Weighing the benefits Fast-track classes speed students toward graduation

By Nick Stern, Staff Reporter | Photos by Nick Stern


This summer, CNM has started offering a variety of accelerated courses for students to take advantage of this semester. Confident students are now able to gain more free time during the summer by signing up for these quicker courses, which last for only eight weeks as opposed to the average 12 week courses offered over the summer.
Although the eight-week courses start later and end earlier in the term, the courses cover the same amount of material as the 12 week classes. These courses are a great opportunity to knock out some credits quickly and still squeeze a vacation into the summer if students can handle the condensed work load. Students and faculty have various perspectives on the pros and cons associated with the fast-track courses.
According to President Katharine Winograd’s blog, one-fifth of the courses offered this summer are eight week courses and meant to demonstrate whether or not the experience is an overall good one for students and faculty alike. If responses to the courses are positive, President Winograd is considering offering the fast-track courses during the fall and spring terms as well. “In the fall and spring terms, which have 16 weeks allotted, a student could conceivably complete four terms of coursework in two terms if we offer select classes in eight-week segments,” Winograd said.
English professor, Rachel Pratt teaches two accelerated English 1101 courses and is very content with how well her students are doing in courses that are scheduled Monday through Friday, she said.
“As far as students’ learning has gone, I’ve noticed a faster improvement because they get time to practice every day,” Pratt said.
Pratt’s class schedule allows for her and her students to form a tight-knit relationship by seeing each other every day which makes for excellent open discussions in the classroom, she said.
She also teaches a regular course and said that in the eight-week course she is able to maintain a better connection with students because they have an easier time remembering what was done during the last class.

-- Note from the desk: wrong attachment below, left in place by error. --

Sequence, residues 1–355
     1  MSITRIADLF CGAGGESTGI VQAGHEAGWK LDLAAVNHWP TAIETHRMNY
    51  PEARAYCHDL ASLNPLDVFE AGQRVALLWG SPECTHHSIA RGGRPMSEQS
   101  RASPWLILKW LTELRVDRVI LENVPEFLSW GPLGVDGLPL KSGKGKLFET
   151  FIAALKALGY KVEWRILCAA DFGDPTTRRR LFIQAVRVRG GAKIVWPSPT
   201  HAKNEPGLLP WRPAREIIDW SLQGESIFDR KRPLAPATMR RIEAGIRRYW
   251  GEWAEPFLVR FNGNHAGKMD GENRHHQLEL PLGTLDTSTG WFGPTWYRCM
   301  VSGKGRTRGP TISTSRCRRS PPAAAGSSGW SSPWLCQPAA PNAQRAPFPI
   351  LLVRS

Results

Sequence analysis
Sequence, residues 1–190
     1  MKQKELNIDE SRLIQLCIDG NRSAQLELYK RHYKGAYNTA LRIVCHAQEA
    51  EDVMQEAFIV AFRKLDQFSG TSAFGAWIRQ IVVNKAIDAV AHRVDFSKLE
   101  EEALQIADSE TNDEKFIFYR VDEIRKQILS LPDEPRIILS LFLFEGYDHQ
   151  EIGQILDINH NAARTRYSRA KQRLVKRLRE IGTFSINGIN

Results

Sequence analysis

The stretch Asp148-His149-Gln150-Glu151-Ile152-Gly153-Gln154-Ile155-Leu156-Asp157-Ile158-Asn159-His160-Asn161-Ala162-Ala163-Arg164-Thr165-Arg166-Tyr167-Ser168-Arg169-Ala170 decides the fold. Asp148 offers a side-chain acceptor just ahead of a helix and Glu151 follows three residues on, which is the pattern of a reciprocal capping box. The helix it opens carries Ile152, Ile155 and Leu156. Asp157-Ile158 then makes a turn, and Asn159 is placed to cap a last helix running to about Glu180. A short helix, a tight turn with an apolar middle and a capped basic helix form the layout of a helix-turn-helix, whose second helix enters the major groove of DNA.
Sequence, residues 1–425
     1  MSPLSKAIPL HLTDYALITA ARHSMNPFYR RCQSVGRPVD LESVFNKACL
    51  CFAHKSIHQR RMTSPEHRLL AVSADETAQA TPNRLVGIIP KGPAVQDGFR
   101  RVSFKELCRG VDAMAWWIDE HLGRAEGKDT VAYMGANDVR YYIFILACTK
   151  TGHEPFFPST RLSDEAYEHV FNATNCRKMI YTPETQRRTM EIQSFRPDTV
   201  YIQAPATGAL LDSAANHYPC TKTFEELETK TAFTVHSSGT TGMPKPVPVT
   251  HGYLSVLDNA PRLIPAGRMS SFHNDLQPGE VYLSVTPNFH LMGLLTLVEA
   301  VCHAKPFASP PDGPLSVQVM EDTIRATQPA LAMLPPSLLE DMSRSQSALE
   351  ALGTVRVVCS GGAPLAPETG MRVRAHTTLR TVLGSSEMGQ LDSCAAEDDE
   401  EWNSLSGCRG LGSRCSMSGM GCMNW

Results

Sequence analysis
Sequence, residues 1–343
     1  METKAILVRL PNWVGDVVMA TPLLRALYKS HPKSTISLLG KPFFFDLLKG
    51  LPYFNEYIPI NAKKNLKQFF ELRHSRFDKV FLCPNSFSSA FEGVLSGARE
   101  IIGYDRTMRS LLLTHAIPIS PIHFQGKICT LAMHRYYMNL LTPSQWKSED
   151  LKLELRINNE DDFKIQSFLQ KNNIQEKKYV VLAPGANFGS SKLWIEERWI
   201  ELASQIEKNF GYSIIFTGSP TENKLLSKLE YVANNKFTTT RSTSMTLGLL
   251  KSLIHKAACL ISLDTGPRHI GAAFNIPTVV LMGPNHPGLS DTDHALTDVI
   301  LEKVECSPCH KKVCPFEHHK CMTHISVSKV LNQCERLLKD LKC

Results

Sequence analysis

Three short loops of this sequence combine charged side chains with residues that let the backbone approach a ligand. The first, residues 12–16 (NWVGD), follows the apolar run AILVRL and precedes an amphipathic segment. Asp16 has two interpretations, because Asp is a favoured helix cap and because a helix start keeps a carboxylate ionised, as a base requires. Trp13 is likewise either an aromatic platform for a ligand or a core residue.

Her students come to class consistently and have great attendance because of the daily repetition that helps showing up to classes become a habit for students, she said.
Students also tell her that despite coming in to class four consecutive days a week, “the shorter classes are right within their attention span limit,” she said.
On the other hand, Pratt says she is glad her roster is not completely full because it would be difficult to grade everything from a full class of students.
“You have to do more grading in a shorter period of time,” she said.
Pratt makes sure her students are able to write a proper research paper by the time they finish her course, so it is imperative for her to prioritize and be picky about what is covered and assigned in her 8-week courses, she said.
Alisha Garrett, education major, is currently enrolled in an accelerated online Biology 1110 course and her belief is that accelerated courses are not for everyone, she said.
“If you’re a student and you’re interested in taking an 8-week class, you really need to evaluate what kind of student you are before you sign up for it,” Garrett stated.
Her observation is that students who are good at time management and motivated can easily make the fast paced schedule work for them, but if they are just the opposite or have busy lives, or are in and out of school, it could prove to be too much for them, she said.
Fine arts major, Caleb Stump is taking a total of three accelerated classes in Spanish, Sociology, and English 1102. He thinks they could be manageable if he had only chosen one at a time and wasn’t juggling his job as well, he said. Stump goes to each of his three classes every day, Monday through Thursday, and holds down a steady job as well, he said.
“I am doing pretty well but I’m afraid that I have slipped too far in some of my classes. Slipping a little bit is a much bigger deal than it seems because the work is so fast paced and tedious,” he said.
To find out more information about the new fast-track eight week courses, students can call to make an appointment with an academic advisor at 224-4321.

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